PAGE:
Textile Society of America


Date of this Version



Presented at “Textiles and Settlement: From Plains Space to Cyber Space,” Textile Society of America 12th Biennial Symposium, Lincoln, Nebraska, October 6-9, 2010. Copyright 2010 Textile Society of America.


Kurume is a city on Kyushu Island in Japan known for producing dramatic hand-woven e-gasuri (picture ikat) futon-ji (bedding covers). The most famous have a single picture which runs across four or five panels. Both the warp and weft threads were resist dyed using indigo before being woven into a single long and narrow length of fabric. This cloth was then cut into the panel sections and sewn together. Extraordinary skill was required to both accurately tie the areas of thread to be resisted and to maintain a consistent tension when weaving the fabric. This precision produced complex designs with bands of resist that met exactly at the seams, usually consisting of many lines that traveled across multiple seams. A Kurume e-gasuri futon-ji was a prized inclusion in a wedding trousseau.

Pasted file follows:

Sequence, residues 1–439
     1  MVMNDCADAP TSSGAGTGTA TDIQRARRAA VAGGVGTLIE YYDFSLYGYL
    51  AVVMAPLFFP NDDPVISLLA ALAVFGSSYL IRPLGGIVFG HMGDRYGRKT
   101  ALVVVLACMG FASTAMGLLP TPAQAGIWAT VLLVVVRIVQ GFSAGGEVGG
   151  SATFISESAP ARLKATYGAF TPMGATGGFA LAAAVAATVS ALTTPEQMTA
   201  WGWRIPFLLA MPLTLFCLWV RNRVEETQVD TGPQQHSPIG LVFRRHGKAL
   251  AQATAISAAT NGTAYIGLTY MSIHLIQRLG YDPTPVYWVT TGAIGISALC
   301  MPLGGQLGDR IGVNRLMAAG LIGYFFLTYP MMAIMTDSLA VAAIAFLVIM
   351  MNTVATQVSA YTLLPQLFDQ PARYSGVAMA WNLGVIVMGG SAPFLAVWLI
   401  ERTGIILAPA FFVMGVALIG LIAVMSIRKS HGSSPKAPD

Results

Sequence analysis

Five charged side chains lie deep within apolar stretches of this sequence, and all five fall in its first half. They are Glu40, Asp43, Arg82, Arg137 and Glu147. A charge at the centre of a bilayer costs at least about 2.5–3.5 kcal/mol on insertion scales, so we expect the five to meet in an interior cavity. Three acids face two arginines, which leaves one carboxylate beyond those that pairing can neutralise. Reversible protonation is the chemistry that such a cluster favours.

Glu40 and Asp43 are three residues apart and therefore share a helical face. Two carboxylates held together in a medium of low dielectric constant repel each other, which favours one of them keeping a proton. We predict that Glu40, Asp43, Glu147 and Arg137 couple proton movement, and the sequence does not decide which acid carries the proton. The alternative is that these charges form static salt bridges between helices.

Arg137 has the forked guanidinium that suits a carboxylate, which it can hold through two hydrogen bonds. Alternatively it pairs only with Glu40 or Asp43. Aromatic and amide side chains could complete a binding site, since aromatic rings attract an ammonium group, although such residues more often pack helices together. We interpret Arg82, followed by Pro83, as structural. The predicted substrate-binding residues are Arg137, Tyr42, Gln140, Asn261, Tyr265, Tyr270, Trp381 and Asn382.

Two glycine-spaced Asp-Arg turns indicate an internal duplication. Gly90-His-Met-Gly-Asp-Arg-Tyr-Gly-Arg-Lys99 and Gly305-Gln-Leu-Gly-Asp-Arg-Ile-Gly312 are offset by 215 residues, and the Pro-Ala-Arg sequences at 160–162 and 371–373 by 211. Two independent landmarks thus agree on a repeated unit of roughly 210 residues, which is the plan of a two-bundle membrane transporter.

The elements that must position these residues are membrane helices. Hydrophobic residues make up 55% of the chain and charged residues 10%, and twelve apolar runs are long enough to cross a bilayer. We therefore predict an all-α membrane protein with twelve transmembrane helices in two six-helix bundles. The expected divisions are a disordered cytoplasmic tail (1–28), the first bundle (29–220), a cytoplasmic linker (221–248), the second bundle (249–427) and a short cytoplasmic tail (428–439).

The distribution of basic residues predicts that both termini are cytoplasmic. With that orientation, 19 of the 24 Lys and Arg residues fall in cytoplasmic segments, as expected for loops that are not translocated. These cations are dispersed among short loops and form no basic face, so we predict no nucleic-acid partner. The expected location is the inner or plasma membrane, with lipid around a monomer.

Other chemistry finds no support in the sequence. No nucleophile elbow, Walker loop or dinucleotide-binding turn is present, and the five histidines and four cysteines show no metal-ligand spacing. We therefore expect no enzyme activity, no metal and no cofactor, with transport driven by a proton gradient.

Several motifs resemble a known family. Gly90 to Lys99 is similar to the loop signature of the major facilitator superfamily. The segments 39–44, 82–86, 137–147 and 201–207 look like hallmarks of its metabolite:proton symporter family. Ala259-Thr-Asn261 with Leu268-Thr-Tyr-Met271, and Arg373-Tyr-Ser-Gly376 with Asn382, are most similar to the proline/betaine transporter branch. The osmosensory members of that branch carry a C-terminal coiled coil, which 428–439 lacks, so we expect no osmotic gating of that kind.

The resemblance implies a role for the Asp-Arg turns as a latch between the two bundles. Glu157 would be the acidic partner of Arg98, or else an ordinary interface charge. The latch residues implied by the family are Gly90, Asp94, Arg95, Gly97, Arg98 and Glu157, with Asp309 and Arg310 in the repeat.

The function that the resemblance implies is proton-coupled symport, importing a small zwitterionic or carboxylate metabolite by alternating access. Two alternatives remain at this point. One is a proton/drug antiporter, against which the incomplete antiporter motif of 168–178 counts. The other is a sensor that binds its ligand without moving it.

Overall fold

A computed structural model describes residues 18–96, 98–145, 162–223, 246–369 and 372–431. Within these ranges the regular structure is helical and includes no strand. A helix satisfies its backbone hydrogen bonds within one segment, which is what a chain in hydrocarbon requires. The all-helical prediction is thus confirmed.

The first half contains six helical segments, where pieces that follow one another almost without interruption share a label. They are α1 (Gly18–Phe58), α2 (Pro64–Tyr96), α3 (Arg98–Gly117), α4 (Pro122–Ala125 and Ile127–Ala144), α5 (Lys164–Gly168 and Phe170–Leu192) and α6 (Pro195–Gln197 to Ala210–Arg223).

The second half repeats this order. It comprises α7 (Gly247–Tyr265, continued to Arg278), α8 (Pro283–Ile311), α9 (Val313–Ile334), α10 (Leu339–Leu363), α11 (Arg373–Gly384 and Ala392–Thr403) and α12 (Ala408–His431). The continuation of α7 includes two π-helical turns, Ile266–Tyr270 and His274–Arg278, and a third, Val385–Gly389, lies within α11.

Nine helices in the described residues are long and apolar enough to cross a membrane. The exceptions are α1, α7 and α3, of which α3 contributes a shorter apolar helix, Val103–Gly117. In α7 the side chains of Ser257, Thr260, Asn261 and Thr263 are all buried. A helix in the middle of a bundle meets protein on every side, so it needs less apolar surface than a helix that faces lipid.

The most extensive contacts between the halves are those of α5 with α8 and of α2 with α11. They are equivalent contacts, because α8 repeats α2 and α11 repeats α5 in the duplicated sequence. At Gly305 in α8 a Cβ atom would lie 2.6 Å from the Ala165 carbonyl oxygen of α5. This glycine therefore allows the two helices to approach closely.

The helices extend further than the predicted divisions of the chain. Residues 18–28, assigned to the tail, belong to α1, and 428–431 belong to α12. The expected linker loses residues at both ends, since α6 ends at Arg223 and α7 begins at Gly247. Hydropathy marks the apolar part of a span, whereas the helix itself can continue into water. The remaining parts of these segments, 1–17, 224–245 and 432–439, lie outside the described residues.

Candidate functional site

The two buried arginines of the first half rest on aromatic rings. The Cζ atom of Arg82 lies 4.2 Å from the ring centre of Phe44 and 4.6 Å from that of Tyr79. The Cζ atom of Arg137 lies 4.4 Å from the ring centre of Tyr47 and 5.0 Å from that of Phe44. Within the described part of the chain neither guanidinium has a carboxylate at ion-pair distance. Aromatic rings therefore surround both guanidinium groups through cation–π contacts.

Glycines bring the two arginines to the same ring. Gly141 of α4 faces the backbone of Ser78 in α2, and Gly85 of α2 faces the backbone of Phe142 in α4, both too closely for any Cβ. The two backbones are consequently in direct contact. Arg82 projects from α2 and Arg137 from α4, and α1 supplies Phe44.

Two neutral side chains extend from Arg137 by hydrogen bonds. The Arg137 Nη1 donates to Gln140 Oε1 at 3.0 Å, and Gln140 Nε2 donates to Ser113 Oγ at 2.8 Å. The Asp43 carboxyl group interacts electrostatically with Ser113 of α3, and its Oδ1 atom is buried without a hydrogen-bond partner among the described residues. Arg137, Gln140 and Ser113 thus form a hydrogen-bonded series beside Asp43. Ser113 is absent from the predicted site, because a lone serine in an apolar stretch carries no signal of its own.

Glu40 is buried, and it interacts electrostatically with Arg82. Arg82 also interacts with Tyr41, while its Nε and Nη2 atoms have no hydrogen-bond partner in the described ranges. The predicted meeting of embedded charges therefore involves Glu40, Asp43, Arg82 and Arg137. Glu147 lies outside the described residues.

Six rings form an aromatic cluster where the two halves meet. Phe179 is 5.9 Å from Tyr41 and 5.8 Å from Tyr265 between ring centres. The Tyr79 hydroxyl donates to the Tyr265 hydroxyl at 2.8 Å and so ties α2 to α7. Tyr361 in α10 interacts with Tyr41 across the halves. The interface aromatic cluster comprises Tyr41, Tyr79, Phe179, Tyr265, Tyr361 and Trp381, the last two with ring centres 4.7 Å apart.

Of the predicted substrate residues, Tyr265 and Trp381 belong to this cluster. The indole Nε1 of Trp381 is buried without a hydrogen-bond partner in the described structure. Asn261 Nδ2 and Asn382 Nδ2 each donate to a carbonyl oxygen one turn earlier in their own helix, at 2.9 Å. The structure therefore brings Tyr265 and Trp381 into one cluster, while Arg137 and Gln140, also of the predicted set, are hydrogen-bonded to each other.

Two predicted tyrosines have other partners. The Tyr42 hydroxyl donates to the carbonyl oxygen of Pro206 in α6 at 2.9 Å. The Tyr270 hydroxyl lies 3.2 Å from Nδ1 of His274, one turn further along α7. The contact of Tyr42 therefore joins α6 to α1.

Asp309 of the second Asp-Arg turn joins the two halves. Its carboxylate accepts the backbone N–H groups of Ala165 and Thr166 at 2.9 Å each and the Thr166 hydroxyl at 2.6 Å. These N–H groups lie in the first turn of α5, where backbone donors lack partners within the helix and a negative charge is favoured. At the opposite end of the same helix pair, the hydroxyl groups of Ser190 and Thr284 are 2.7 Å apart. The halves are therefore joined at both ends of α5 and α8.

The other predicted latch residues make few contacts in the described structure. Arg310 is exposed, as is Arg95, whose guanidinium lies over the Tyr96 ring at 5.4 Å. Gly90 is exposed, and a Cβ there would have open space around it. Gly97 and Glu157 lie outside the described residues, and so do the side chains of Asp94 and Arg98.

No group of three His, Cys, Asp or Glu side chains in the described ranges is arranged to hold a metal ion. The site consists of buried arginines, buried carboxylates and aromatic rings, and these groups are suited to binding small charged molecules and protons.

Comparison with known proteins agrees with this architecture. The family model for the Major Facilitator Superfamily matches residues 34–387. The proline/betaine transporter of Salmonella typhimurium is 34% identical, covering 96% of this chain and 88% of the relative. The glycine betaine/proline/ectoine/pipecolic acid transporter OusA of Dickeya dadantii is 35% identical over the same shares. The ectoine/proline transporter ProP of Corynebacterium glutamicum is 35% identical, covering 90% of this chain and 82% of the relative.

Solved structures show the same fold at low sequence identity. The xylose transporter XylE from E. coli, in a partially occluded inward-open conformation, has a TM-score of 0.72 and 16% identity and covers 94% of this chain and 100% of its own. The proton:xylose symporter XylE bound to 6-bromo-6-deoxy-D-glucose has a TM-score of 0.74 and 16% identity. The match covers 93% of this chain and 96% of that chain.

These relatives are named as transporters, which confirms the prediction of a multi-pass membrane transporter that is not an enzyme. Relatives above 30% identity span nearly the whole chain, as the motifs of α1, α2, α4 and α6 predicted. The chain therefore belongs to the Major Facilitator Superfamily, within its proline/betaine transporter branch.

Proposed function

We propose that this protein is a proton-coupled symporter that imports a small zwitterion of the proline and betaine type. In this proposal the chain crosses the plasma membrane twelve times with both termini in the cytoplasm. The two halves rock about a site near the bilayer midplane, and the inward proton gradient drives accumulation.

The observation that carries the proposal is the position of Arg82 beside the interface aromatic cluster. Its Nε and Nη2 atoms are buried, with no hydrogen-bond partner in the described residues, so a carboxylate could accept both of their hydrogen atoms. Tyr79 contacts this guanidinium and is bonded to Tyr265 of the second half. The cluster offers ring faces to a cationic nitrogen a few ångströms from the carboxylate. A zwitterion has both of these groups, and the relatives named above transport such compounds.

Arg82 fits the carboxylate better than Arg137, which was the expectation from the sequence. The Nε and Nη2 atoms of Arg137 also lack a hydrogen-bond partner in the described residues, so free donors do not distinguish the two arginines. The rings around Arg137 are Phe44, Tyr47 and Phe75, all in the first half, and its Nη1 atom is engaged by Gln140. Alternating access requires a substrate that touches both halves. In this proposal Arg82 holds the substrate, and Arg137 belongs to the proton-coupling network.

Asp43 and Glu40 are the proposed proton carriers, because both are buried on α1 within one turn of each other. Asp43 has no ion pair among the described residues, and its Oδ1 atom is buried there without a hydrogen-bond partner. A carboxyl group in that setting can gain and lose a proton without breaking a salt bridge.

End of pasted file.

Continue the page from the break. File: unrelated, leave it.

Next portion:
Most existing Kurume futon-ji date from the late 19th century, when Japan abandoned the policy of isolation from outside contact, to the early period of the Pacific War. During this time Japan made a concentrated effort to modernize and industrialize. Existing Kurume futon-ji from this time feature not only traditional auspicious images but also images of modern subjects like steamships and airplanes. This paper will examine the seeming dichotomy of a labor intensive weaving technique being chosen to portray images of industrialization.